Malachi Haim Hacohen
Bass Fellow and Professor 
History, Political Science, and Religion
Director, Religions & Public Life
The Kenan Institute
Duke University


  • Ph.D., Columbia University 1993
  • M.Phil., Columbia University 1983
  • M.A., Columbia University 1982
  • B.A., Bar Ilan University (Israel) 1979

Hacohen, M. H. “Liberal Dilemmas and Moral Judgment.” In Naming Evil, Judging Evil, edited by Ruth Grant, 175–90. University of Chicago Press, 2006.

Hacohen, M. H. “Liberal Dilemmas and Moral Judgment.” In Naming Evil, Judging Evil, edited by Ruth Grant, 175–90. University of Chicago Press, 2006.

Hacohen, Malachi Haim. “The Young Popper as a Scholarly Field.” In Proceedings of the Karl Popper Centenary, edited by Ian Jarvie, David Miller, and David vols, 1:99–110. Ashgate Publishers, 2006.

Hacohen, M. H. “Red Vienna, the ’Jewish Question,’ and Emigration, 1936-1937.” In Karl Popper: Critical Assessments., edited by Anthony O. Hear and Anthony O. ed, 1:87-133. Routledge, 2004.

Hacohen, M. “Historicizing Deduction.” In Induction and Deduction in the Sciences, edited by Maria Carla Galavotti and Friedrich Stadler. Dordrecht: Kluwer, 2003.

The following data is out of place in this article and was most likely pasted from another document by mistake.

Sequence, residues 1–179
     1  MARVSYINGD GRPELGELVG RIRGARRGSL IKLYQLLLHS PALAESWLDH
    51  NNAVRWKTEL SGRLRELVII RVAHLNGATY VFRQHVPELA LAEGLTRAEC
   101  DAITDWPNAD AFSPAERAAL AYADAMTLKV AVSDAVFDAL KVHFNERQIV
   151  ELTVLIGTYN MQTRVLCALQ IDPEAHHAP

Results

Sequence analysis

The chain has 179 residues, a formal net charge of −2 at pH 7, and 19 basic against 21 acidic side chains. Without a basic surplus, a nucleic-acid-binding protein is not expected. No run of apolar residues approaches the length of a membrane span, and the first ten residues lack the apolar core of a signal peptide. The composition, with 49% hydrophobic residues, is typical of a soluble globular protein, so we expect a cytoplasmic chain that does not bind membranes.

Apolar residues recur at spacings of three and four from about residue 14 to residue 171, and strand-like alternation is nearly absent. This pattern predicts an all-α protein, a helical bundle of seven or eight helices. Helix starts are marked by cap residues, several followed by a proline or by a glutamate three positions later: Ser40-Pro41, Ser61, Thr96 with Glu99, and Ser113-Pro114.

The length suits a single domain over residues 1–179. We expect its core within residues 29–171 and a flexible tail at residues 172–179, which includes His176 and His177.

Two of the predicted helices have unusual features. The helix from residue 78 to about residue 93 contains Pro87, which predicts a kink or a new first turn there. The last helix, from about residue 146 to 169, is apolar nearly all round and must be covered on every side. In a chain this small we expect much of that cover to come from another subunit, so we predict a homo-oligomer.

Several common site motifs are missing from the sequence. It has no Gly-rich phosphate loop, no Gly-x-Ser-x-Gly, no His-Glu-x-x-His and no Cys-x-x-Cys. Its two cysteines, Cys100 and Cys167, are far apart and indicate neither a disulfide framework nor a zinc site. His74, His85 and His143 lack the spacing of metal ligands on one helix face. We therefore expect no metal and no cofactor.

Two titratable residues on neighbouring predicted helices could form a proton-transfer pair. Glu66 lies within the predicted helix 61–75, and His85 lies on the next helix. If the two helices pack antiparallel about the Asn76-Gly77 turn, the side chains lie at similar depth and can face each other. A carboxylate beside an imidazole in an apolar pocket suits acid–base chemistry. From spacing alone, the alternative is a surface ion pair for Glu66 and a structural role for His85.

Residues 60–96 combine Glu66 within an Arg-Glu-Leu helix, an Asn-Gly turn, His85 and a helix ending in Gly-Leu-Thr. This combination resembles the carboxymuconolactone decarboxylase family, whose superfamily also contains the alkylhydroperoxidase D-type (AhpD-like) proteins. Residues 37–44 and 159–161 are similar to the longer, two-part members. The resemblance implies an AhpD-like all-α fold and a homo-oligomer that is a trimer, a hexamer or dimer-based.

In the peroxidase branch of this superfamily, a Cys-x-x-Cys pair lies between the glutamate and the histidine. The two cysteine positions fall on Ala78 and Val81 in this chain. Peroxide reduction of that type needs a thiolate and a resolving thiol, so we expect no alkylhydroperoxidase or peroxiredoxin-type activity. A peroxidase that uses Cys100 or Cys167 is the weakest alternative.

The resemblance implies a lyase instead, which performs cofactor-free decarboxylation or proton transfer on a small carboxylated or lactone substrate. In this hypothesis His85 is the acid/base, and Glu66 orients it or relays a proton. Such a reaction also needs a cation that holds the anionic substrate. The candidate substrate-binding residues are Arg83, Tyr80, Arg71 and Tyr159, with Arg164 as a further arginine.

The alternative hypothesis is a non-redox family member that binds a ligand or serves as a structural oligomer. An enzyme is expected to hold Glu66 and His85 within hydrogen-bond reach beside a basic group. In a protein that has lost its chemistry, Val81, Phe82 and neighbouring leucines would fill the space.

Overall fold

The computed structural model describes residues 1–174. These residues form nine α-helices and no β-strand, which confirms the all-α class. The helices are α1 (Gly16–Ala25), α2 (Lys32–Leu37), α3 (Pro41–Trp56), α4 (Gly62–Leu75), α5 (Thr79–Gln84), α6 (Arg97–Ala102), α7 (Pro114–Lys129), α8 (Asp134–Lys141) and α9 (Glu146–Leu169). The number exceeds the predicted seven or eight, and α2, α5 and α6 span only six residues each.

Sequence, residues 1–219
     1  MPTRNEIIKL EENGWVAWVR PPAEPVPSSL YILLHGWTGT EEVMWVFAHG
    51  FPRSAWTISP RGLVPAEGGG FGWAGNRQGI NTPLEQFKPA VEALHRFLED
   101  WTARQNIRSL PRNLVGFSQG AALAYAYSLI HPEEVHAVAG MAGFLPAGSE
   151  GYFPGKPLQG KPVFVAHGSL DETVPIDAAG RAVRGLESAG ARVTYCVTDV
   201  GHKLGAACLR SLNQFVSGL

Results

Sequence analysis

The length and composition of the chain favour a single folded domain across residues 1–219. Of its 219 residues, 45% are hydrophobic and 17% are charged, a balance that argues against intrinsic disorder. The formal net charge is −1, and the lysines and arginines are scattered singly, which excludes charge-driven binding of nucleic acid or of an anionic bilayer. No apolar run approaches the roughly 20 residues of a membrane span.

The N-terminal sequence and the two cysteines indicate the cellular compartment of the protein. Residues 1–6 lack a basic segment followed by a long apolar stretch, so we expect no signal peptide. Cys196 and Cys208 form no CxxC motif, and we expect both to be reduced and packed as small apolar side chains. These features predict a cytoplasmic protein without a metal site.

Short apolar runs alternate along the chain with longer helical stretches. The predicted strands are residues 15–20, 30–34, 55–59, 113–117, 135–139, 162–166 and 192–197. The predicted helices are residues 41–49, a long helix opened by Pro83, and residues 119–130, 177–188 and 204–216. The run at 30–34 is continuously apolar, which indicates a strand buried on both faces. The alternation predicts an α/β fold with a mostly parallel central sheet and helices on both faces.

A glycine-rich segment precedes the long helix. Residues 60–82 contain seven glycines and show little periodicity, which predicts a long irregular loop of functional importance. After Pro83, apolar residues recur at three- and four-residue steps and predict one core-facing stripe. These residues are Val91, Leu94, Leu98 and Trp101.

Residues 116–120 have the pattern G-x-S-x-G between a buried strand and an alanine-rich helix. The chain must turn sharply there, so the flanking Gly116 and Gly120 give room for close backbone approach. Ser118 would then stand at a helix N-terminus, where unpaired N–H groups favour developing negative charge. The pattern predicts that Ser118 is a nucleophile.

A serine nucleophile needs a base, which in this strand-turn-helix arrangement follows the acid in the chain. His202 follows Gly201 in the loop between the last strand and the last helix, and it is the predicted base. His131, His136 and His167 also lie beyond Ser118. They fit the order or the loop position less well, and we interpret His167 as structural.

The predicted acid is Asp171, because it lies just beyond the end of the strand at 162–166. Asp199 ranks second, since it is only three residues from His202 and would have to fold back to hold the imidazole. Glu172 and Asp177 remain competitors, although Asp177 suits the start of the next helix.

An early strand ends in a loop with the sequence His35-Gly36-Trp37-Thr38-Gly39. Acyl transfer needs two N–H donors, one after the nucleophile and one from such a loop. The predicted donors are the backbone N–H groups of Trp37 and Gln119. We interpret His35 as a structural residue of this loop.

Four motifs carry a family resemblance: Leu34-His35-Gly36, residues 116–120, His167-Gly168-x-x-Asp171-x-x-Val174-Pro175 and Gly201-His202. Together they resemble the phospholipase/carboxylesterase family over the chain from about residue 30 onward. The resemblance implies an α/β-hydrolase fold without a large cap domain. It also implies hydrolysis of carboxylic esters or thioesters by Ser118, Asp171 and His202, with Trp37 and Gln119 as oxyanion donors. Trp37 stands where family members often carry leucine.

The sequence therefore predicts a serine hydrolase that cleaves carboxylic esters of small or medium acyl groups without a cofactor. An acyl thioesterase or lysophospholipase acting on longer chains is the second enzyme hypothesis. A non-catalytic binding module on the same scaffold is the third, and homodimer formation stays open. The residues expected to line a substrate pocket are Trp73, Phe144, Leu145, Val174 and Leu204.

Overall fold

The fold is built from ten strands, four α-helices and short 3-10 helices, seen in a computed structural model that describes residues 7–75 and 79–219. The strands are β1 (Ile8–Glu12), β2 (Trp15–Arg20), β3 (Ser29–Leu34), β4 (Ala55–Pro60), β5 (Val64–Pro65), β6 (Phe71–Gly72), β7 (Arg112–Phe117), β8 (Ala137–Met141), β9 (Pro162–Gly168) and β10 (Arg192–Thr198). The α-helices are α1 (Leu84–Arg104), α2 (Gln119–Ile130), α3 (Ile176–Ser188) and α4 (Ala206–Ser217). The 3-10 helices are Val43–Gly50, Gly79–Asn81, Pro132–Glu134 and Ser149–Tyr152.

Hacohen, M. H. “La città celeste di Popper: Platone, Atene e la società aperta.” In Karl R. Popper, 1902-2002: Ripensando Il Razionalismo Critico. (Nuova Civilta Delle Macchine, XX:2), edited by Stefano Gattei, II:12-160. Analisi-Trend, 2002.

Hacohen, M. H. “Critical Rationalism, Logical Positivism, and the Poststructuralist Conundrum: Reconsidering the Neurath-Popper Debate.” In History of Philosophy and Science, edited by Michael Heidelberger and Friedrich Stadler, 307–24. Dordrecht: Kluwer, 2002.

Hacohen, M. H. “The Limits of the National Paradigm in the Study of Political Thought.” In Political Thought and Its History in National Context, edited by Dario Castiglione and Iain Hampsher-Monk, 247–79. Cambridge: Cambridge University Press, 2001.